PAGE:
post Jan 30 2014, 16:07
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QUOTE (MaxDread @ Jan 30 2014, 04:03) *
Hi all

If anyone can help me on this one ASAP I would appreciate it hugely...

I'm going to see an iPod Classic later today which someone is selling locally. They said they bought it but never used it. As such, it has been sitting unused (and "as new") for a year or two.

Is there likely to be any issues with it for the fact that it has not been used? I guess I'm thinking along the lines of the battery and the hard drive (as it is mechanical). But there may be other things to consider which I have not thought of.


Look until your heart becomes contented, but for the money its hard to beat a Sansa Fuze or Fuze plus. Every digital music player with a hard drive is potentially a ticking bomb with an uncomfortably short fuse. The present and near term future is flash memory. As this concept applies to the various flavors of he Fuze, they support pluggable flash chips (that ride internally and very inconspicuously) that give it a tremendous capacity with just one chip, and virtually unlimited capacity with even just a matchbox or Altoids can full of them.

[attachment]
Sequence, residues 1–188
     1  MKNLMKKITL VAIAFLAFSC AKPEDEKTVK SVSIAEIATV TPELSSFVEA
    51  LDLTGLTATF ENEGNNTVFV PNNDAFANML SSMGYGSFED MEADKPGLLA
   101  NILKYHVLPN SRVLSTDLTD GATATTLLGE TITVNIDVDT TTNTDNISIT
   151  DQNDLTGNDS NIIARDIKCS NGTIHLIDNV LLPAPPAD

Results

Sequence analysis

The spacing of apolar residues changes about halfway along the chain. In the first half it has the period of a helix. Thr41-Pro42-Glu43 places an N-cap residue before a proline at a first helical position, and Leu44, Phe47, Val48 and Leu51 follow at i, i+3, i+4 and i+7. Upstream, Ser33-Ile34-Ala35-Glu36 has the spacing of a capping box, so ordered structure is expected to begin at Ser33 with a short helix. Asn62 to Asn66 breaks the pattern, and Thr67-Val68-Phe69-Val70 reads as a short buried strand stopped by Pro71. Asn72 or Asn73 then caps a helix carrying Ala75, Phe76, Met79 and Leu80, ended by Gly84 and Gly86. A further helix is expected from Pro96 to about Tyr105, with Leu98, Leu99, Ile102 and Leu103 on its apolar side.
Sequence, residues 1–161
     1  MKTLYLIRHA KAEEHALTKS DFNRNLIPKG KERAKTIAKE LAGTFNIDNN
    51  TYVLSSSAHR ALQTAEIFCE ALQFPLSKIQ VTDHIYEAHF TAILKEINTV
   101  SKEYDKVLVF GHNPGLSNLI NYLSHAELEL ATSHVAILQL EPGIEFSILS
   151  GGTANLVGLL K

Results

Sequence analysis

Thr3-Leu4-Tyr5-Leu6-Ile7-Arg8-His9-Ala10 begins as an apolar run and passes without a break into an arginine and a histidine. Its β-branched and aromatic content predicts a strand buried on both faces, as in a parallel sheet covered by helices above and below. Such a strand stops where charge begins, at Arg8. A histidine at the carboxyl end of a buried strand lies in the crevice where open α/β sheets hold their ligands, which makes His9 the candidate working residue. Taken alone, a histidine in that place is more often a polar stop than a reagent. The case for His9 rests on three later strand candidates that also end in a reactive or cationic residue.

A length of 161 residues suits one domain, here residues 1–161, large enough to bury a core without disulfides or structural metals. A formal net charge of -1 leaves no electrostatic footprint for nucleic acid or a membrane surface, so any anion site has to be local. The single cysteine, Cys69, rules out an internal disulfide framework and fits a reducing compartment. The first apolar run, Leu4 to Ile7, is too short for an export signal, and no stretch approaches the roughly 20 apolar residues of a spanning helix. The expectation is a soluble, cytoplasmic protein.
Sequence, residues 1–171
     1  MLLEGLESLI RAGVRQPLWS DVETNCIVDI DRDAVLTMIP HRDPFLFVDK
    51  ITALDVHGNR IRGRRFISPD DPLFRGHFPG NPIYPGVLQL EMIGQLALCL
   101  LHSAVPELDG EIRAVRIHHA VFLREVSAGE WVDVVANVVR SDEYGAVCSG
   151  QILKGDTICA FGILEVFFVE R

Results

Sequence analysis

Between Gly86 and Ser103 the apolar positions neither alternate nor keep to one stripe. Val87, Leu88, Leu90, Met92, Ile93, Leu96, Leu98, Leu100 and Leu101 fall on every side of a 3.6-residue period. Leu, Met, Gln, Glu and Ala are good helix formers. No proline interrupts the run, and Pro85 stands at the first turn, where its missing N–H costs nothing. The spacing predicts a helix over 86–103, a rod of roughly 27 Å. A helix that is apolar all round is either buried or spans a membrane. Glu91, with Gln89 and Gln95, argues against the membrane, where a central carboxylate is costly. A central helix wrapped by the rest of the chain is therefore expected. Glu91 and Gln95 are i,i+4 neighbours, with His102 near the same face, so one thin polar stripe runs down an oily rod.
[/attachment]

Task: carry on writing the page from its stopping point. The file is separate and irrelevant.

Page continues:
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Engelsstaub
post Jan 30 2014, 20:21
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There's no reason why it shouldn't work IME. I've owned iPod Classics, one of which was used and abused and still works over five years later. It's possible that the battery life may have been affected by sitting around unused but I doubt it will be an issue. Worst case scenario: if it is Apple can replace the battery for you.